Peacock came on board after we’d done the pilot, around when Channel 4 went for a series. They came on board pretty early and have worked on it the whole way through, from the scripts to the edit. I’ve never worked with American partners before, so I was like, ‘Oh no, there might be cultural differences,’ but actually there was a very supportive and generous environment.

What do you make of the opportunities offered to writers and creatives of color in the U.K. at the moment? There have been a lot of promises in the last year to install schemes and get more POC in the door. Will it pay off?

I think it’s still too early to say if this change is going to be lasting. I would hate for writers who are coming through to be rushed into things. Everyone’s crying out for diversity, but I feel there needs to be a place to be nurtured and work out what you want to say and how you want to say it, rather than being pushed through and almost being set up to fail a little bit. I’m looking to see how the mentoring the nurturing aspect of these schemes play out. I’m just really, really hoping that it isn’t something that’s of the moment, and will just be a fad. I remember someone told me, ‘Oh, you’re really zeitgeisty right now,’ and even though that’s a compliment in a way, it means of a moment, and you kind of want to be like, ‘No, I want to be like [Martin Scorsese] and be into my 70s and keep making stuff.’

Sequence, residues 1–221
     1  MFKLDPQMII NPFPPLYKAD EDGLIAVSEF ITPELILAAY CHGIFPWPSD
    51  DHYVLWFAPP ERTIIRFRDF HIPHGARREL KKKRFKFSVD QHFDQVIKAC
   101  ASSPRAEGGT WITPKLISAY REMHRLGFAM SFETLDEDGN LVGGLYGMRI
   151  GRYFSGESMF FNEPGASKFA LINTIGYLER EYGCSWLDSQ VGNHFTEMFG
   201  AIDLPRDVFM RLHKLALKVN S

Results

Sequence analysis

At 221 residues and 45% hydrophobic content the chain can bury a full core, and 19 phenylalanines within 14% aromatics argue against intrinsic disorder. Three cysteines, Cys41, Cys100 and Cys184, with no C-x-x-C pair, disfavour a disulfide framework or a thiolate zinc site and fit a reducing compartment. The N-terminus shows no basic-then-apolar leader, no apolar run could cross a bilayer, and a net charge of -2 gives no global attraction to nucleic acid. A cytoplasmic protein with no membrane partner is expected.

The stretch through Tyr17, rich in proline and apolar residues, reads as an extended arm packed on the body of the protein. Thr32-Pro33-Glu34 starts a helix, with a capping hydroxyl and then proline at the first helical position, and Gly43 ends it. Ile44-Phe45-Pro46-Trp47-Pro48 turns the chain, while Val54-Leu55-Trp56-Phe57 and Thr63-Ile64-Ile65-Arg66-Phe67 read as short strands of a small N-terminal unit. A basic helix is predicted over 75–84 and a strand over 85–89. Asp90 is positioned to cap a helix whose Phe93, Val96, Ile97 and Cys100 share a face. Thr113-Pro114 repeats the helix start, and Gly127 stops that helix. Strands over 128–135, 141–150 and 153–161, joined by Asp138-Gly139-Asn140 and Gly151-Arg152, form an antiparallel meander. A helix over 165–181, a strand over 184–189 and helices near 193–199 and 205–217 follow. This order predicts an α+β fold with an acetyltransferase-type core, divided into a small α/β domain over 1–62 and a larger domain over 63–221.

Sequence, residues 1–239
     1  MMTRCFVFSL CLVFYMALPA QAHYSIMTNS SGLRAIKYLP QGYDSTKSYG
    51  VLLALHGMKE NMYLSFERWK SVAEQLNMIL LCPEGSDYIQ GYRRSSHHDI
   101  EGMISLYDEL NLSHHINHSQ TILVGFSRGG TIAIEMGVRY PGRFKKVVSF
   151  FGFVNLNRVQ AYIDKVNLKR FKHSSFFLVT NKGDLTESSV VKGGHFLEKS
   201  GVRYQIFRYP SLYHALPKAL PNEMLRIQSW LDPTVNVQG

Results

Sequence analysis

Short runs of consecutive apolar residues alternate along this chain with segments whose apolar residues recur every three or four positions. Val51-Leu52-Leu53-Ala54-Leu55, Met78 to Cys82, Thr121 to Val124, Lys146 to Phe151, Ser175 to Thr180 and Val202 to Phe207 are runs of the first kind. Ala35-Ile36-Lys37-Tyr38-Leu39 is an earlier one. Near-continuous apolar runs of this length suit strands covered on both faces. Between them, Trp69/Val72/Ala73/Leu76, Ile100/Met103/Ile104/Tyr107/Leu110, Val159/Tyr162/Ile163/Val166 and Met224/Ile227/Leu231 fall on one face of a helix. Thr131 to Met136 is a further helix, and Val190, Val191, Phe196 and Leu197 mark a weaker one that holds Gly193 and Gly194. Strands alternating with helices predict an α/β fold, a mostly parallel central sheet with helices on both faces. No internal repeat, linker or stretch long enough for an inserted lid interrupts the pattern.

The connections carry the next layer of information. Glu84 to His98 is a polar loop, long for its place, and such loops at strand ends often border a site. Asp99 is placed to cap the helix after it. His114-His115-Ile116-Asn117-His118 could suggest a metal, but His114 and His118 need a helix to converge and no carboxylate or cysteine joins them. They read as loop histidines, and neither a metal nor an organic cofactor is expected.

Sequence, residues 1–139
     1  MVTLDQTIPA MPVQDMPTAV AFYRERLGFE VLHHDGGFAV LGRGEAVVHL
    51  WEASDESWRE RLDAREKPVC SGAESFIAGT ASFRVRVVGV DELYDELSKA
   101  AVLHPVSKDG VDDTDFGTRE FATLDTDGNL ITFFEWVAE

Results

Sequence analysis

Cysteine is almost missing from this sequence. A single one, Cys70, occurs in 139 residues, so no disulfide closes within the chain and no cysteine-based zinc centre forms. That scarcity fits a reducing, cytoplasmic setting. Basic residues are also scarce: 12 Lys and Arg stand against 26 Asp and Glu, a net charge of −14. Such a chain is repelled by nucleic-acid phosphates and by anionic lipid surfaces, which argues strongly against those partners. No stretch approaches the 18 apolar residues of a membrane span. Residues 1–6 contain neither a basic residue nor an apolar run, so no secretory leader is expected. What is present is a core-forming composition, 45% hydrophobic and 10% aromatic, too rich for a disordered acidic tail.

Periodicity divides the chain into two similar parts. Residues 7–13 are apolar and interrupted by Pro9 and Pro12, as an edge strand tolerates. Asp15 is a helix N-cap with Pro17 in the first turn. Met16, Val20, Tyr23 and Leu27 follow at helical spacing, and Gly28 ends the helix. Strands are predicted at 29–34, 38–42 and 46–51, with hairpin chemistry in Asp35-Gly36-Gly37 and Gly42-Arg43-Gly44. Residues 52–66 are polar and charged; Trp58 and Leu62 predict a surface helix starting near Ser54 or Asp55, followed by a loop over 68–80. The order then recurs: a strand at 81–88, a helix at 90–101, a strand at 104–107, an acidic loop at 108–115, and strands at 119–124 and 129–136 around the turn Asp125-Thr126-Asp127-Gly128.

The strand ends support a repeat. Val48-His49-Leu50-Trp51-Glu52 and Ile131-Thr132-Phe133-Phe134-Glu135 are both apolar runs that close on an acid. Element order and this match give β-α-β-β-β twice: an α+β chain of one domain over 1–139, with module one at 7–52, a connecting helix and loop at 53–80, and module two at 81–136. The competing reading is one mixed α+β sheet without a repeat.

What’s the word on season 2?

Nothing as of yet. I think we’re still waiting to see how it how it plays out, but I have lots of ideas so we’ll see.

Are you aware of all-girl Asian-American and Latinx punk rock band The Linda Lindas, who blew up recently for their song “Racist, Sexist Boy”?

Oh, my God, yes! People have been sending me these videos of these girls. They’re amazing. I would love for Lady Parts to play a gig with them.

Do they know of the show?

I don’t know if they’re aware of us, but certainly on our WhatsApp groups with all the actors, those videos are being shared and everyone’s really excited about them.